**290C** Basic homotopy theory, homotopy groups, cellular
methods, Hurewicz and Whitehead theorems. (This is as far as
qualifying exam material usually goes, though if there's time I'll
also sketch a few additional topics from the lists below.)

Imaginary subsequent courses:

**290D:** Further
algebraic topology: fibrations, fibre and
vector bundles, classifying spaces, Eilenberg-MacLane spaces,
obstruction theory, characteristic classes, Postnikov towers, simplicial
sets, cohomology theories and spectra, K-theory, Bott periodicity.

**290E:**
Geometric topology: differential topology,
Morse theory, handle theory, the h-cobordism theorem and
high-dimensional smooth Poincare conjecture, 3-manifolds, 4-manifolds.

**290F** Modern algebraic topology: differential
graded algebras, rational homotopy theory, derived categories, model
categories, infinity algebras, homotopical algebra, towards
derived/homotopical geometry.

**Lectures. **MWF 1-1.50 in AP&M 5402.** **

**
Office hours.** Will be TBA
1-2pm in room 7210,
AP&M, or by appointment. My email is justin@math.ucsd.edu and phone
number is 534-2649.

**Homework. **Homework problems are assigned primarily for educational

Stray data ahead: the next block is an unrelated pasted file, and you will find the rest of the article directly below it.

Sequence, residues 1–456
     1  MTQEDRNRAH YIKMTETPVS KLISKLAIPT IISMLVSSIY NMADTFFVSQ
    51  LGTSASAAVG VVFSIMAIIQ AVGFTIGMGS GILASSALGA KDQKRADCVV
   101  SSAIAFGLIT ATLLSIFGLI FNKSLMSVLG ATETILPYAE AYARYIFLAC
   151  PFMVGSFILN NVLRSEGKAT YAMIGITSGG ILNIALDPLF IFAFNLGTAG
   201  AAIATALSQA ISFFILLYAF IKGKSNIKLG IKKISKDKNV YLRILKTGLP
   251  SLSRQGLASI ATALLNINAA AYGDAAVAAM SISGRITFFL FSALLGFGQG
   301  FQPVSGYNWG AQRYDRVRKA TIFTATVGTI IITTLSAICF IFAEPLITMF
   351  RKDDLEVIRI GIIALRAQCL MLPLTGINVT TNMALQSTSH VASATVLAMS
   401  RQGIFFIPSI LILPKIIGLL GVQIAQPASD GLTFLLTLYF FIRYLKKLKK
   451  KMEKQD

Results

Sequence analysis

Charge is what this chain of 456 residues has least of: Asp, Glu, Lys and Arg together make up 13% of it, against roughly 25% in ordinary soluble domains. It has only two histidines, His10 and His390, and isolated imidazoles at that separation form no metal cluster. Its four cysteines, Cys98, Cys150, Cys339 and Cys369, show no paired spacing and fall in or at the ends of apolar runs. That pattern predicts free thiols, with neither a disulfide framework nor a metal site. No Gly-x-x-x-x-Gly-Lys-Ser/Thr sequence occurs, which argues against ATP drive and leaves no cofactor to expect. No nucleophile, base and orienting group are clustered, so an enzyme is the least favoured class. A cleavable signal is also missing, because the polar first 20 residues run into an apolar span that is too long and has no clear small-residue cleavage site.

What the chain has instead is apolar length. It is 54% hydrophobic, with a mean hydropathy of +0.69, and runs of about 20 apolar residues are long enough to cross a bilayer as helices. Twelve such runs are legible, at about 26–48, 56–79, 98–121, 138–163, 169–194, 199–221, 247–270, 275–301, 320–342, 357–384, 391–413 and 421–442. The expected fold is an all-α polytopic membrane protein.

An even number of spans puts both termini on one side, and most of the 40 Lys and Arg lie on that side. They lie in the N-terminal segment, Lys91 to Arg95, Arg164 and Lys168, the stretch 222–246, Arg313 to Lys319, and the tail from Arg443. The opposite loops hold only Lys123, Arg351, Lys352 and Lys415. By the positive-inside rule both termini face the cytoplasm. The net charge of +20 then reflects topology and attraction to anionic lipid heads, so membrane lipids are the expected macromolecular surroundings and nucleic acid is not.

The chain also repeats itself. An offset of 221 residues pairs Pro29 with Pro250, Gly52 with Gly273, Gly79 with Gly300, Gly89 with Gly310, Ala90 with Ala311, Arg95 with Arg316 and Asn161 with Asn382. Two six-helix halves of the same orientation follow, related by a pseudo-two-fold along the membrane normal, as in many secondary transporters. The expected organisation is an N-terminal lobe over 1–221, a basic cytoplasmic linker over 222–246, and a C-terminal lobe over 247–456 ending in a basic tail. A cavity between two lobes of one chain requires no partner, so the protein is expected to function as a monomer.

purposes rather than for assessment, so they are of varying difficulty
and aren't necessarily going to be of "qualifying exam standard".
They're not going to be officially graded (the whole class grade will be
based on the final exam, which will be as close to qualifying exam
standard as I can make it) but you should at least think about them for
discussion with Jack, and preferably try to write down solutions to as
many as you can so that he can comment on them!

Now writing is definitely not the best way of communicating mathematics! It's much more effective to have a conversation, where you can experiment with "handwavy" ideas and dynamically add or gloss over details according to what your audience asks for or about. Writing, because it is static, gives you just one shot at communicating your ideas (perhaps even to later generations). Particularly in topology, it can be hard to strike the right balance between "putting in all the necessary details" and "boring the reader with unnecessary details". Obviously one has to err on the side of comprehensibility, so my recommendation is that when writing maths you should usually imagine that you're writing to a friend with a similar background to your own, but who is slightly less clever than you are! This friend can be expected to fill in genuinely routine "boring" details but will expect you to mention any standard facts or theorems you need to use. For homework therefore, just imagine you are writing a solution for a confused classmate...